Documenting AIDS patients worldwide

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Documenting AIDS patients worldwide


Nguyen Van Luoc and his wife, captured here in a 2007 photo by Steve McCurry in Vietnam, return to their home after visiting a local clinic. Provided by Magnum Photos

Since the early 1980s, some 30 million people have died from AIDS. The epidemic has ravaged livelihoods across the world. But an exhibition at the Seoul Arts Center is raising awareness of a quiet revolution taking place: the spread of free antiretroviral drugs that have enabled millions of infected individuals to live healthy lives.

Magnum Photos’ “Access to Life” exhibition displays a collaborative effort with The Global Fund to Fight AIDS, Tuberculosis and Malaria, an international financing organization, that resulted in 550 pieces of work, including photographs and documentary films.

American photojournalist Steve McCurry and seven other acclaimed photographers went to nine different countries - Vietnam, India, Peru, Haiti, Mali, Rwanda, South Africa, Swaziland and Russia - to capture images of patients before and after receiving AIDS treatments. The photographs provide a glimpse into the lives of people around the world suffering from the disease and surviving thanks to international efforts.

The photographers stayed in their assigned countries for around four months, and sometimes the narratives took unexpected turns.

“I began the assignment thinking I’d start with people who were very sick but would then have some dramatic turnaround,” said McCurry, who documented four Vietnamese patients. “It didn’t turn out that way.”

The artists’ works reveal the wide range of consequences HIV, the virus that causes AIDS, has on those infected, ranging from physical effects to societal implications.

Ninety-five percent of those infected with AIDS live in underdeveloped countries and cannot afford the expensive treatments that have been developed and refined over the past decade. Africa is home to nearly 70 percent of the world’s HIV-positive population, with 22.5 million infected adults and children living in sub-Saharan Africa alone. Africans accounted for 72 percent of all AIDS-related deaths in 2009.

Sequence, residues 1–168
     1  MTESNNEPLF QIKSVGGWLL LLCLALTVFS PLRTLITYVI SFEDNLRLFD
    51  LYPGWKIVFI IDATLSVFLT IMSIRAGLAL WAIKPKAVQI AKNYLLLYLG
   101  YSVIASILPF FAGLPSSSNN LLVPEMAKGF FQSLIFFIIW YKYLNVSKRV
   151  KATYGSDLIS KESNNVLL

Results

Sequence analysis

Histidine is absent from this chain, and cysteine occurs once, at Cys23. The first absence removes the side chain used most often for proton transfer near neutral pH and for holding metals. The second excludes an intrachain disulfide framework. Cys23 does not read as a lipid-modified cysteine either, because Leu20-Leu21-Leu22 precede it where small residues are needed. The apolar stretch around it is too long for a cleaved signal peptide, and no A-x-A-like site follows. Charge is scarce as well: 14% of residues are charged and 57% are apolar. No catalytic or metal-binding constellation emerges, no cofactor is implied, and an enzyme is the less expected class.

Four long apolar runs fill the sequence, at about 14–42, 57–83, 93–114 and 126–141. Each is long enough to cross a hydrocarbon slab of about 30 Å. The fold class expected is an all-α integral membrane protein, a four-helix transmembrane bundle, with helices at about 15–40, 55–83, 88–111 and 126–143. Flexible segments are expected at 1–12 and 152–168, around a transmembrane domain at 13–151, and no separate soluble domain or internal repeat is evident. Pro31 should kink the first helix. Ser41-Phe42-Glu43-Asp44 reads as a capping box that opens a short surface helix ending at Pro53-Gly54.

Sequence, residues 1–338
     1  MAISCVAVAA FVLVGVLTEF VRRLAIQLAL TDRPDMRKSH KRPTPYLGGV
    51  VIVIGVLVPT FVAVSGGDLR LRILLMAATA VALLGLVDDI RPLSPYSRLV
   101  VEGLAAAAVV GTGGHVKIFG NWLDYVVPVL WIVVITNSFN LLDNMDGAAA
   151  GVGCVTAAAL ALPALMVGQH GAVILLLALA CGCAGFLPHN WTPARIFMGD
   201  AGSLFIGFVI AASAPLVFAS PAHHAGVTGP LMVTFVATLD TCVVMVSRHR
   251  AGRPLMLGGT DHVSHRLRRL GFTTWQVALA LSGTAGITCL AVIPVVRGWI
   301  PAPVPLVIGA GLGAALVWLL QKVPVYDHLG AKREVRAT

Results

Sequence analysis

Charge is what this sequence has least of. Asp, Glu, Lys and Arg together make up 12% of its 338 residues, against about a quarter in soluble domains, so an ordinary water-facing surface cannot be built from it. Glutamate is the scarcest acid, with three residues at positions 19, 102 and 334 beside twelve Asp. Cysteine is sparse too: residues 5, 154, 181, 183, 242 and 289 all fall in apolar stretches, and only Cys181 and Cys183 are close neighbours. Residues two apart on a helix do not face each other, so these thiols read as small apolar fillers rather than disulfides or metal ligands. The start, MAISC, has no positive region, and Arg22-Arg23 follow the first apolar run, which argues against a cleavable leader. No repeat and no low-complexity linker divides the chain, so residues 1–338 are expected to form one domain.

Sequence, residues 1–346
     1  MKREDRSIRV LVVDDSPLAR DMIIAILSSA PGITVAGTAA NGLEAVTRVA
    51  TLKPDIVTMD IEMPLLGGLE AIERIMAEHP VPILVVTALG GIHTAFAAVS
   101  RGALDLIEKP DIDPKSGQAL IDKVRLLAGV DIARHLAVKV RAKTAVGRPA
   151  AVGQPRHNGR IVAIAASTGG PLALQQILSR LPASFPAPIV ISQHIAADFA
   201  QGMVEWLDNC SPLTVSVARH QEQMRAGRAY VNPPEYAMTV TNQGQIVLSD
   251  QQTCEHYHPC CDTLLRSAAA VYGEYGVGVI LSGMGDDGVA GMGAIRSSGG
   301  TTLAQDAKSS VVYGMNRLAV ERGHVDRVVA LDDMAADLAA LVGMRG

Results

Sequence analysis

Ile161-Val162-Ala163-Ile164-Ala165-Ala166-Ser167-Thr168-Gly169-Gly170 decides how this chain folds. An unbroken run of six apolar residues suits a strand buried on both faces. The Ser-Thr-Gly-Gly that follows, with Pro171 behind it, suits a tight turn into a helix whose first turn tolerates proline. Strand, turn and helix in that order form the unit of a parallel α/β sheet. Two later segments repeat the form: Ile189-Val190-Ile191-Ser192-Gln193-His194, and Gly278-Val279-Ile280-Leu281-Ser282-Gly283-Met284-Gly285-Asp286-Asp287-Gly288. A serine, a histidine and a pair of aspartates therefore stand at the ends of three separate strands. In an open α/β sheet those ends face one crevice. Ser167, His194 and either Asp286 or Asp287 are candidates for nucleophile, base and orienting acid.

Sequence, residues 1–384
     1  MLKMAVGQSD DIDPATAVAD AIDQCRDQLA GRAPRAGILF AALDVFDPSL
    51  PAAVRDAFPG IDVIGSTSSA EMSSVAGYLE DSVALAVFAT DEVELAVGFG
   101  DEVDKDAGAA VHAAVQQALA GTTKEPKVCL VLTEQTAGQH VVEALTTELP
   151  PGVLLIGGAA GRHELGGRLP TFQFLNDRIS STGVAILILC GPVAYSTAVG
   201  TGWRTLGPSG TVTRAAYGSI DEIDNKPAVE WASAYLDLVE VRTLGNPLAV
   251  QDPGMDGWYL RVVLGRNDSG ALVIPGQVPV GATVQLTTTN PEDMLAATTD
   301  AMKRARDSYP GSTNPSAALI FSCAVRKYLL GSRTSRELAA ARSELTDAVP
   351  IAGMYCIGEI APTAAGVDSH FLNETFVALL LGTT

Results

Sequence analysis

An AIDS patient (right) and her sister in Gugulethu, a township 15 kilometers (9.3 miles) from Cape Town, South Africa, in a 2008 photo by Larry Towell. Provided by Magnum Photos

People with AIDS are also often socially isolated. In India, a conservative society that traditionally condemns premarital sex, women with AIDS lead lives under intense stigma.

“The people I met in India could not tell anyone about the fact that they have HIV,” said Jim Goldberg, the Magnum Photos photographer assigned to the country.

And in Russia, societal changes have been a major cause of the spread of AIDS. After the collapse of the Soviet Union and the ensuing economic hardship, poverty and drug use increased throughout the country. HIV spread quickly, with most patients neglecting the illness until it was already too late.

Alex Majoli was posted in Russia to record patients’ progress, but unfortunately, most of them died before the photographer could visit them a second time.

“The collapse of the Soviet Union left an unbearable wound in Russians’ egos, which is connected to the spread of AIDS,” Majoli said. “They act like they know something which they actually do not have a clue about. In such a case, what will happen?”

The exhibition fuses each photographer’s own artistic approach with the theme.

In the Haiti section, Polaroid self-pictures of each patient are lined up along the wall. Although Jonas Bendiksen took photographs, he also gave patients a Polaroid camera so that they could take their own pictures of the healing process.

In the Swaziland section of the exhibit, there is a radio next to photographs by Larry Towell. Interviews with patients are played on repeat, bringing the photos to life.

The Global Fund’s international efforts have helped millions of people around the world receive treatment and build new lives. The “Access to Life” exhibition is meant to capture some of this progress.

Magnum Photos’ tour has caught the attention of the biggest players in international efforts to fight AIDS.

“The images presented in this moving exhibition show what international donors can do when they work together to promote public health and enable people to lead productive, dignified lives,” UN Security General Ban Ki-moon said.

The founders of Magnum Photos thought a single picture could create change. The photographers chronicle the world and interpret people, events, issues and personalities that ultimately capture the truth.

*The “Access to Life” exhibition runs until March 4 at the Seoul Arts Center. Tickets cost 10,000 won ($8.70) for adults; 8,000 won for high school and middle school students; and 5,000 won for students under 12. Go to Nambu Bus Terminal Station, line No. 3, exit 5. For more information, call (02) 2277-2438 or visit

By Shin Ji-ye Contributing writer []
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